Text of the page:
So who was behind this marvellous scent? As usual there’s no mention anywhere on the Acqua di Parma website or in its marketing material, but I think Colonia Leather’s creator deserves more credit than that. So please take a bow François Demachy, the French perfumer, formerly at Chanel, who has been the ‘director of olfactory development’ at Christian Dior since 2006.
(If you’re wondering, incidentally, what Dior’s head perfumer is doing moonlighting for Acqua di Parma, the answer is that both companies are owned by the luxury-goods conglomerate LVMH, and Demachy also has oversight of its other perfume brands. And as it happens Colonia Leather isn’t his first perfume for Acqua di Parma; he also created Colonia Intensa, which was launched back in 2007.)
At £150 for 100ml Colonia Leather is a lot more expensive than the other fragrances in the Acqua di Parma range, and for now (2014) it’s only available from Harrods, but it’s really worth going to smell, even if you can’t justify spending quite so much on a single bottle of perfume.
8 December, 2014
When I first started thinking about The Sniff Box, I wondered how I could make it look different from other perfume blogs. I knew I’d have no problem with the overall look, thanks to my super-talented friend, Leanda Ryan, whose design perfectly reflects the idea of ‘perfume in plain English’.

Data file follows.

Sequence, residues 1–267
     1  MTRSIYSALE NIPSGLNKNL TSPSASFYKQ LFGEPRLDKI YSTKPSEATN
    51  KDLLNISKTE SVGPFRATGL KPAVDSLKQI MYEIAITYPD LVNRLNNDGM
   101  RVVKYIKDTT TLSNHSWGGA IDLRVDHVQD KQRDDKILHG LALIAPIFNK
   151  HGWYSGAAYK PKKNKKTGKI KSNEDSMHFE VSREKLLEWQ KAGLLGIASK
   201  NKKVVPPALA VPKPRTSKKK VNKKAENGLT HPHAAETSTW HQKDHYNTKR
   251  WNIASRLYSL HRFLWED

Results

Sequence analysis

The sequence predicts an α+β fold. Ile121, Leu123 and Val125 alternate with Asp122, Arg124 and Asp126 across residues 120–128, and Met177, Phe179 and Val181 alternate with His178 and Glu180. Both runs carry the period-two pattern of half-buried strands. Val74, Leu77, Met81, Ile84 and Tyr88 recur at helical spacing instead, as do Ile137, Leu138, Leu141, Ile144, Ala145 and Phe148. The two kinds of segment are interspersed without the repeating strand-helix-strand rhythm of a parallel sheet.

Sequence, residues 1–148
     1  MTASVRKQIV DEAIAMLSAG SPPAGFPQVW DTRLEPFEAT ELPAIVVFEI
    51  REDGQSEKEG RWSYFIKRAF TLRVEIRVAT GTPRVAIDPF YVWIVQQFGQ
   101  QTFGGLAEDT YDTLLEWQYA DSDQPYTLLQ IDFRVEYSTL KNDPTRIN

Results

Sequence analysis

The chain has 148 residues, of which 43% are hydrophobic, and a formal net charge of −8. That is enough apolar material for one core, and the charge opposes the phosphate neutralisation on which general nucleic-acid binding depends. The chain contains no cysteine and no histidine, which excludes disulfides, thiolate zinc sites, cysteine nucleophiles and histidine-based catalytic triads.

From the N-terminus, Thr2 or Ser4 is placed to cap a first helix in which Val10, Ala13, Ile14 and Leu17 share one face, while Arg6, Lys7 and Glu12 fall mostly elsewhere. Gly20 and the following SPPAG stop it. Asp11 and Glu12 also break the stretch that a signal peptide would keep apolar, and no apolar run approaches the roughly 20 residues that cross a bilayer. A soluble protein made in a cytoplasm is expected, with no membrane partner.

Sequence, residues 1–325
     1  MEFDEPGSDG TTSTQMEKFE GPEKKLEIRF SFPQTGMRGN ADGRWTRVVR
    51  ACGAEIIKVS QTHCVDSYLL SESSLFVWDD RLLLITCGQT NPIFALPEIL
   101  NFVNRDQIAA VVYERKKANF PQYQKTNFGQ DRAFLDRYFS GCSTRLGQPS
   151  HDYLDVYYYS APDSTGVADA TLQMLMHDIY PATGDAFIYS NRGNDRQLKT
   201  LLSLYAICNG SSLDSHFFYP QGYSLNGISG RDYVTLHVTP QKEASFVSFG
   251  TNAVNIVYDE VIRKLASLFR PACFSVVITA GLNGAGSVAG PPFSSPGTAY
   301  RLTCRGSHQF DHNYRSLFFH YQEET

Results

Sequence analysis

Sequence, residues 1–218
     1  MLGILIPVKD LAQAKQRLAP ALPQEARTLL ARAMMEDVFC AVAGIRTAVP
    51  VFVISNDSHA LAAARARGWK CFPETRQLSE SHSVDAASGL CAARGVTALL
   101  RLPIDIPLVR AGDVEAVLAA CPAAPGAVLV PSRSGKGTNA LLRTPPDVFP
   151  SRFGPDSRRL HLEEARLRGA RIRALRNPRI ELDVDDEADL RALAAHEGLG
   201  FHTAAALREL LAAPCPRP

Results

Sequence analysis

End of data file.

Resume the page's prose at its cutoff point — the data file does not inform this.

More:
But illustrating individual perfumes is a problem, as you’ll gather if you look at other perfume sites on the interweb. The obvious thing to do is to use a ‘pack shot’, generally supplied by the brand in question: it’s what the brands like as that’s how they want you to see their scent, but how many times do you want to see the same cheesy photograph?
The trouble is, if you don’t use a photo of the bottle, what can you use instead? How do you illustrate something you can smell but can’t actually see? It’s interesting to check out what other people come up with, but given that few bloggers can afford to commission photography or illustration, they’re generally stuck with stock shots of things like perfume ingredients – a sprig of lavender, say, or a twist of lemon – which are as cheesy as the pack shots they’re trying to avoid.
It took a while, but finally it struck me: since I can draw, after a fashion, why not draw my own illustrations? And that’s how I began.